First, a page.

What will the next 12 months bring? One thing is for sure – they will entertain, educate, surprise and inspire us…
Huge thanks to my fellow Beijing Cuckoo Project Team members, including Chris Hewson, Dick Newell, Lyndon Kearsley, Wu Lan and Robert and Robin Jolliffe. The Beijing Cuckoo Project Team is extremely grateful to all the staff at Yeyahu Nature Reserve and the Beijing Wildlife Rescue and Rehabilitation Centre, especially Shi Yang, Wu Mengwei, Aodan Zhula, Zhang Yaqiong and Wang Bojun for their fantastic support and wonderful hospitality.
On 20 May 2017 Gao Jingxin was visiting Yeyahu wetland in Beijing when she spotted a Common Cuckoo (Cuculus canorus) sitting atop a bush. It was the first time she had seen cuckoos this spring and, as an accomplished photographer, she quickly snapped some photos. After studying the photos carefully, Jingxin realised there was something special about this particular cuckoo; an antenna was clearly visible protruding from the bird’s back. Jingxin had been following the Beijing Cuckoo Project since the beginning and immediately thought the bird in her photos could be one of the Cuckoos fitted with a tag last spring. She sent the photos to me via WeChat and asked the question. When I opened the message I was elated and, I must admit, emotional. Having received a signal from Meng’s tag on 20 May showing he had arrived back at Yeyahu, I simply replied “It’s Meng” !
Gao Jingxin’s photographs are a joy to see. They show Meng (full name Meng Zhi Jian, 梦之鹃), seemingly in fantastic condition, back on the breeding grounds and claiming a territory. Incredibly, he was photographed just a few hundred metres from the place where he was fitted with a tag on 25 May 2016.
The signals show that, since being fitted with his tag, Meng has crossed 16 borders involving 10 countries (China – Vietnam – Laos – Myanmar – Bangladesh – India – Somalia – Kenya – Tanzania Mozambique – Tanzania – Kenya – Somalia – India – Bangladesh – Myanmar – China). All without a passport or visa. And along the journey he’s passed through 13 Chinese Provinces and crossed the Arabian Sea twice. In total, we calculate he has flown at least 26,990 kilometers in 12 months. That’s equivalent to more than half way around the world. Wow.
Meng has given us so much new data about the life cycle of cuckoos from East Asia, including information about migration routes, stopover sites, the relationship between the timing of migration and weather/climatic patterns, not to mention the location of, and habitat preferences at, the wintering grounds. This is all vital information if we are to ensure the continued survival of the cuckoo and birds like them. Over the next few weeks and months we’ll be analysing the data to ensure we make full use of the information he has provided.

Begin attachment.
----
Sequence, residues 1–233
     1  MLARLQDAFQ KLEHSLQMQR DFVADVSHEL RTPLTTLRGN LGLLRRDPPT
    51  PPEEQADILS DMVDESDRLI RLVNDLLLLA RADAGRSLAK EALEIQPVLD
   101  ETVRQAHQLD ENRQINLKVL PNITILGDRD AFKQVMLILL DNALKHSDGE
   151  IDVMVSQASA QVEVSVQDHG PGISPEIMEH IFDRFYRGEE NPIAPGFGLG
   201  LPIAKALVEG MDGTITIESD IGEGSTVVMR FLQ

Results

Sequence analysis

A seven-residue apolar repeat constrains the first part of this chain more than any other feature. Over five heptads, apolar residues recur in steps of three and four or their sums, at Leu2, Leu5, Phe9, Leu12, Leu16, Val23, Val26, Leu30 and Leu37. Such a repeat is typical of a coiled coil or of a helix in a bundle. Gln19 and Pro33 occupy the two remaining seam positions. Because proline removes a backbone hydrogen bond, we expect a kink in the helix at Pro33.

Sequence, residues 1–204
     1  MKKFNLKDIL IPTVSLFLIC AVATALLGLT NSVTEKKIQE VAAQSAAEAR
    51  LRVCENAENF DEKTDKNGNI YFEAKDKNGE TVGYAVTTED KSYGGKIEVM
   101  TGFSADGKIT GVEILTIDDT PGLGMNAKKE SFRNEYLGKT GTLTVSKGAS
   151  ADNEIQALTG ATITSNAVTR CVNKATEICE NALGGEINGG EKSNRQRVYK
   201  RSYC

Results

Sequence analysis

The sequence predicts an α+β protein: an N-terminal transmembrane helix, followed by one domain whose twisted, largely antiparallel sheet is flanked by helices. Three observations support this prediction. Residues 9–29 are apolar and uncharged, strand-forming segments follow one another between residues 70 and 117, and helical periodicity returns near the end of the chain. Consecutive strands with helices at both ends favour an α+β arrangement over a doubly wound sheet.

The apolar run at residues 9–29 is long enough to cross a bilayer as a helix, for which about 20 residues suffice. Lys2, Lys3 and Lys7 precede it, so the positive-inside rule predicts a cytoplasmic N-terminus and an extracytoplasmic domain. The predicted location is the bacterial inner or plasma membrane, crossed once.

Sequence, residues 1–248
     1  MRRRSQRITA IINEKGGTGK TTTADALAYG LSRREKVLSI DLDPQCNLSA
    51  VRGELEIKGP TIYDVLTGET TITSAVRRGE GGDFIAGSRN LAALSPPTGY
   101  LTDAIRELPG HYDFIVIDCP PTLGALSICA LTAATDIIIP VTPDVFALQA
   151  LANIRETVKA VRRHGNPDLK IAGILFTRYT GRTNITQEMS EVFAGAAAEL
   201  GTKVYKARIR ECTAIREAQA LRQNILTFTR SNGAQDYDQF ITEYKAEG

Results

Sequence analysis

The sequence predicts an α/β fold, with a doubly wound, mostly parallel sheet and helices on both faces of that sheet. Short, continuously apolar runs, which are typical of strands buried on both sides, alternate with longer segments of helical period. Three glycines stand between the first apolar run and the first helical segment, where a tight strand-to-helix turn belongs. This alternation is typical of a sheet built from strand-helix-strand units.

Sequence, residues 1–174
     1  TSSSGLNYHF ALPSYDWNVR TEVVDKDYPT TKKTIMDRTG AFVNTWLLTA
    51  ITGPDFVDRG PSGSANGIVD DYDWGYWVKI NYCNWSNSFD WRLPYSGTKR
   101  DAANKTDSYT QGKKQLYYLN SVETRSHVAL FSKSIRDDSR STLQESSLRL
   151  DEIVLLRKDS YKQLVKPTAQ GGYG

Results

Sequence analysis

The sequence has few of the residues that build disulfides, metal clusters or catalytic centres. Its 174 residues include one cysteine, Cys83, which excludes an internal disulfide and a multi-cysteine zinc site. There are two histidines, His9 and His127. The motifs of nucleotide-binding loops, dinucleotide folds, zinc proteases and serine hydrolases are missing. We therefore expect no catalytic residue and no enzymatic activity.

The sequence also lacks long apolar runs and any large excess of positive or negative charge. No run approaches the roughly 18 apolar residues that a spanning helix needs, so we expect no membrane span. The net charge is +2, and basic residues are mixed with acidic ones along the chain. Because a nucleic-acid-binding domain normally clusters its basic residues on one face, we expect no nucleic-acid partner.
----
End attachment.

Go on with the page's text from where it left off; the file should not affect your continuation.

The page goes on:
Experience from Europe shows that cuckoos usually return to the same general area each year to breed so we had expected Meng to return to Beijing Municipality. However, to see him so close to the area where we caught him last May is testament to the incredible navigational ability of these birds, especially since they never even know their parents, let alone learn from them.
Gao Jingxin’s photos are the perfect way to celebrate the first anniversary of the Beijing Cuckoo Project and they’ve rightly gone viral on Chinese social media.
The Project Team is deeply grateful to Gao Jingxin for allowing the use of her wonderful photos on the Birding Beijing website and for helping to complete the cycle of Beijing Cuckoo migration in style. We’d also like to take the opportunity to thank everyone who has supported the project over the last 12 months, including the partners – the British Trust for Ornithology (BTO), especially Chris Hewson, and the Beijing Wildlife Rescue and Rehabilitation Centre (BWRRC), especially Shi Yang, Aodan Zhula, Wang Bojun and Wu Mengwei, the sponsors – Zoological Society of London (ZSL), Oriental Bird Club (OBC), British Birds Charitable Foundation and BirdLife International. Yeyahu Wetland Reserve, Cuihu Urban Wetland and Hanshiqiao Wetland for allowing us to tag birds at their reserves. To Wu Lan, Dick Newell, Lyndon Kearsley, Gie Goris, Geert De Smet, Susanne Åkesson, Aron Hejdstrom, Mu Tong, Li Qingxin and Rob Jolliffe who have all played vital roles. And a special thanks to all the members of the public who have either donated to the JustGiving site or followed and helped to spread the word on social media in China and overseas, and to the many schools and schoolchildren across China who have been so engaged in the project.
As we await the return of Flappy, currently in Hubei Province, all that remains is to say “Welcome Home, Meng” and to wish him a successful breeding season in Beijing.
The reaction to the Beijing Cuckoo Project on social media has been wonderful. Below are some of the recent reactions to the journeys of the Beijing Cuckoos. Keep them coming! And follow @BirdingBeijing on Twitter for updates.
Seriously this project is the best. You’d never guess Meng just flew halfway around the world. https://t.co/cooP2t44Js